Ruinart Champagne Pioneers Second Skin Eco-Packaging

After nearly two years in development, Maison Ruinart, one of France’s oldest champagne houses, has launched its revolutionary Second Skin eco-packaging, a plastic-free, 100% recyclable paper case, set for its US debut this April. 

This sustainable alternative is nine times lighter than the original box and reduces the carbon footprint by 60% in comparison with the current generation of Ruinart boxes. 

Like a second skin, the new case envelopes itself around the iconic, century-old curves of the Ruinart bottle. The chic design is intentionally silky yet textured to the touch, evoking the look and feel of Crayères – the historic chalk-pit cellars of the Maison in Reims, declared a World Heritage Site by Unesco.

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Ruinart Second skin packaging

The new Second Skin packaging is set to launch in the US this spring / ©Ruinart

Packaging close-up of bottle neck

The new eco-packaging is plastic-free / ©Ruinart

Created from paper from eco-managed European forests, the entirely recyclable cloak is the result of a partnership between the champagne house and its packaging manufacturing partners, Pusterla 1880 and James Cropper. Together they set about creating an eco-alternative to the standard box used to house champagne bottles that was both elegant and didn’t take away from the experience or taste. 

“The challenge was to imagine a unique packaging that reflects the spirit of Maison Ruinart [and] is recyclable and leaves no waste behind,” said Phil Wild, president at James Cropper. After rigorous testing and seven prototypes, the team developed a case that is both impermeable to any light and can retain its integrity even when placed within an ice bucket.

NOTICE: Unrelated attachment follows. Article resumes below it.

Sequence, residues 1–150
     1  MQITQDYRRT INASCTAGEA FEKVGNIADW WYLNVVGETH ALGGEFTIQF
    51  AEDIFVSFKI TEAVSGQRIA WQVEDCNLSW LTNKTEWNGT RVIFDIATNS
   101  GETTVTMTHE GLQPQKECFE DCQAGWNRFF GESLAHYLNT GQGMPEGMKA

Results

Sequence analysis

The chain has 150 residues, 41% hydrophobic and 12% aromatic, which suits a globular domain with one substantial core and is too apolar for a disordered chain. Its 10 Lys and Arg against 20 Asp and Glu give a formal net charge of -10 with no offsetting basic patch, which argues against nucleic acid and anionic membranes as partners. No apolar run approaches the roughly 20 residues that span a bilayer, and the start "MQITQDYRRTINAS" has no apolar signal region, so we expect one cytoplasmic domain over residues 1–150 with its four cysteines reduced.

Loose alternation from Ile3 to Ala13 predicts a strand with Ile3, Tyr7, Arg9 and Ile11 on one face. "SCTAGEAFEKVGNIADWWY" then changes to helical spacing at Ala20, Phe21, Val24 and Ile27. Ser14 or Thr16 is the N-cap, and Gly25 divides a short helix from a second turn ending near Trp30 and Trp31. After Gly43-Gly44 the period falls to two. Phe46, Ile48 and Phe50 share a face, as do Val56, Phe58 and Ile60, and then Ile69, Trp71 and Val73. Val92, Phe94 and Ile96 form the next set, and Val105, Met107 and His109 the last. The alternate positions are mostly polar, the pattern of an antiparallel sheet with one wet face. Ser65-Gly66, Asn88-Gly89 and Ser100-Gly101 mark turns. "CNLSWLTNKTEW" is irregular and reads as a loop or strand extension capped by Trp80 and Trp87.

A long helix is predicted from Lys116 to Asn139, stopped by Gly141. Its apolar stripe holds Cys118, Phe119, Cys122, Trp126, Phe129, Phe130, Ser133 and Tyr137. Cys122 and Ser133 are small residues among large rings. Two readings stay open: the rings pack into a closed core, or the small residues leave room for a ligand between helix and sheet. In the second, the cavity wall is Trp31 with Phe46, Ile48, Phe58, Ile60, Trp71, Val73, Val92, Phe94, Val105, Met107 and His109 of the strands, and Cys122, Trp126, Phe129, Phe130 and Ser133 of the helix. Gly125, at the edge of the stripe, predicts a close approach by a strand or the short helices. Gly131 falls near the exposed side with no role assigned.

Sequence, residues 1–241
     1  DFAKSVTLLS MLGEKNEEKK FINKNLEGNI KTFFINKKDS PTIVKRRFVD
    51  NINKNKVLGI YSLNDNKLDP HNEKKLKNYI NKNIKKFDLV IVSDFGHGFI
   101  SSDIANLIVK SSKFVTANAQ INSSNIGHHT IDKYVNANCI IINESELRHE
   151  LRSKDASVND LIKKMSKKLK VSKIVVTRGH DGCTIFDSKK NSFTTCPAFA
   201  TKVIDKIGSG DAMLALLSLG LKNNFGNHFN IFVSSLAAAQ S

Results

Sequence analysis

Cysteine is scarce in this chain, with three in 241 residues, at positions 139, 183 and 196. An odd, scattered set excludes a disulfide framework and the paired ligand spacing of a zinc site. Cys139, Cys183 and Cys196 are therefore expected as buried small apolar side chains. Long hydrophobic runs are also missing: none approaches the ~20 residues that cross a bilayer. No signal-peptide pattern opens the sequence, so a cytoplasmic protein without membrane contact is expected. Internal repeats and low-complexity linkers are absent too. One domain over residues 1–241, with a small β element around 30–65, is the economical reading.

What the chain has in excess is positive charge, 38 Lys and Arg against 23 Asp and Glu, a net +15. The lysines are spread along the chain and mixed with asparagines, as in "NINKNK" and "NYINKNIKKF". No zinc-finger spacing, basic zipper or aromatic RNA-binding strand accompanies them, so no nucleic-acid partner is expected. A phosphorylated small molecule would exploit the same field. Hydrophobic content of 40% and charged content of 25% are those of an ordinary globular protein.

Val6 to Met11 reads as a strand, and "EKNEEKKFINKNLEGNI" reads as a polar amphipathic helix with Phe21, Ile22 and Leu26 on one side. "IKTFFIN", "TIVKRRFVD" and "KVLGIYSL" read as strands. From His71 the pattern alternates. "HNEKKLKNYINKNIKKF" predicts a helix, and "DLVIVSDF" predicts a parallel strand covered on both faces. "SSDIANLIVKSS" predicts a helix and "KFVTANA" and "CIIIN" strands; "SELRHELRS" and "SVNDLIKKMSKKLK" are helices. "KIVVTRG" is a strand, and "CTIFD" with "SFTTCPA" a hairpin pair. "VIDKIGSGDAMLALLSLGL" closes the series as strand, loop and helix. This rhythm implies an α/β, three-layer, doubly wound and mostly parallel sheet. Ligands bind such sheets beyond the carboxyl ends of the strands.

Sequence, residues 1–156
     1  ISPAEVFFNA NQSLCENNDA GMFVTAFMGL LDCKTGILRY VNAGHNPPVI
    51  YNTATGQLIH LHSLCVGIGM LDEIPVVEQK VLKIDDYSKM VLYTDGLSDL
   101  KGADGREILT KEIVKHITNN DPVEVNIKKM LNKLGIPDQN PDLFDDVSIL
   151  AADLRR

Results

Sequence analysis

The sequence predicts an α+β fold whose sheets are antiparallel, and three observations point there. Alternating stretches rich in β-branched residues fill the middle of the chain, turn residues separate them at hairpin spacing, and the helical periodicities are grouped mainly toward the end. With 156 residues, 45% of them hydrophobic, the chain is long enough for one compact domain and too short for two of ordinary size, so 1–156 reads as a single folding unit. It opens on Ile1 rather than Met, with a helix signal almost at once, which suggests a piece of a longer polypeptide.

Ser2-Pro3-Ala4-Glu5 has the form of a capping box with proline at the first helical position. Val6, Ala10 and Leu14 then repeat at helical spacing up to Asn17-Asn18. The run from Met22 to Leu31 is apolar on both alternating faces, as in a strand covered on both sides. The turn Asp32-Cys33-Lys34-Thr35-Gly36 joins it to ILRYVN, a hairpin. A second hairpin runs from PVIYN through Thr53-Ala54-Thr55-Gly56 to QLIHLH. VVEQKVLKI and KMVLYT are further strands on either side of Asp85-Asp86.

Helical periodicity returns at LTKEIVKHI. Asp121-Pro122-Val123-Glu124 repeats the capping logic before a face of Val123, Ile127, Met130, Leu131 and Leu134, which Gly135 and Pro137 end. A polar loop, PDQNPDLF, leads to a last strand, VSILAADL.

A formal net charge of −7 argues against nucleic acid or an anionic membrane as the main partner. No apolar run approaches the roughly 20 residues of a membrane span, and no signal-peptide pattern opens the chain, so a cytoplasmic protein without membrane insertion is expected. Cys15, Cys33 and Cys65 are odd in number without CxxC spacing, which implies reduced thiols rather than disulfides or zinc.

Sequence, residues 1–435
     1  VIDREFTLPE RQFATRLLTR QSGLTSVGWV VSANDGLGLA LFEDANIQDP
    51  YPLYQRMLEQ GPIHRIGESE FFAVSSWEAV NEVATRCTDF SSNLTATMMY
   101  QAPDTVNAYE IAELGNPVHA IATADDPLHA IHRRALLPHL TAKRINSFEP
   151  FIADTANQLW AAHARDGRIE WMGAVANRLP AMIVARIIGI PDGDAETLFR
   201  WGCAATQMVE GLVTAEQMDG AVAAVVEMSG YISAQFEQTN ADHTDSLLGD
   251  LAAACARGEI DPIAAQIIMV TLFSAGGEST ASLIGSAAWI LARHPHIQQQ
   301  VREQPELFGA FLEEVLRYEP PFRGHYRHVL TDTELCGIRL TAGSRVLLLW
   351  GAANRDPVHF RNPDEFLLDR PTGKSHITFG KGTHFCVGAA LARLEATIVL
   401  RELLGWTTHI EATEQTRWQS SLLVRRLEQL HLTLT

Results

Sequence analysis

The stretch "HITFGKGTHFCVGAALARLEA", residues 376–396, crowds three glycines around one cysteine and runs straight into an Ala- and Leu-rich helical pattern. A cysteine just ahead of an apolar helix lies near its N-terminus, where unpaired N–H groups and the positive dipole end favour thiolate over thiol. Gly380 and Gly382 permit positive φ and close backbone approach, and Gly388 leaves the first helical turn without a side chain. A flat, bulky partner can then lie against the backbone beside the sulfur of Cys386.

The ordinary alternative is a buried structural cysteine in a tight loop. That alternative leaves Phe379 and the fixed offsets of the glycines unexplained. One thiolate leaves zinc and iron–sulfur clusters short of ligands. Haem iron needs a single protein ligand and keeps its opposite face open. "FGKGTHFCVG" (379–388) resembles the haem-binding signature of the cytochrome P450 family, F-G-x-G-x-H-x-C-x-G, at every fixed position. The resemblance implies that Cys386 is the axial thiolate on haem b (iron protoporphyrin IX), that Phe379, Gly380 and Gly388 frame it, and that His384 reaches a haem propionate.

The launch of the Second Skin eco-packaging forms part of a larger sustainability initiative by the champagne house that includes the introduction of solar panels and LED lighting, a zero-air-freight policy and a 98.7% waste-recycling record. Ruinart is also among a small but growing group of champagne producers that have been officially recognized for their commitment to sustainable production by being awarded France’s Viticulture Durable en Champagne certification. 

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Crayères, the Maison’s historic chalk-pit cellars in Reims, inspired the design of the case / ©Ruinart

Ruinart was awarded France’s Viticulture Durable en Champagne certification for its sustainable practices / ©Ruinart

Frederic Panaiotis, cellar master at Maison Ruinart, says: “Climate change is already happening in the vineyards. The champagne terroir is the source of our wines’ excellence: we have a responsibility to protect and preserve this natural environment.”

Ruinart hopes its new design will offer a sustainable alternative to an entire industry. That’s something likely to please the Comite Champagne, which oversees the industry and has indicated its desire to have 100% of champagne producers Viticulture Durable en Champagne-certified by 2030.

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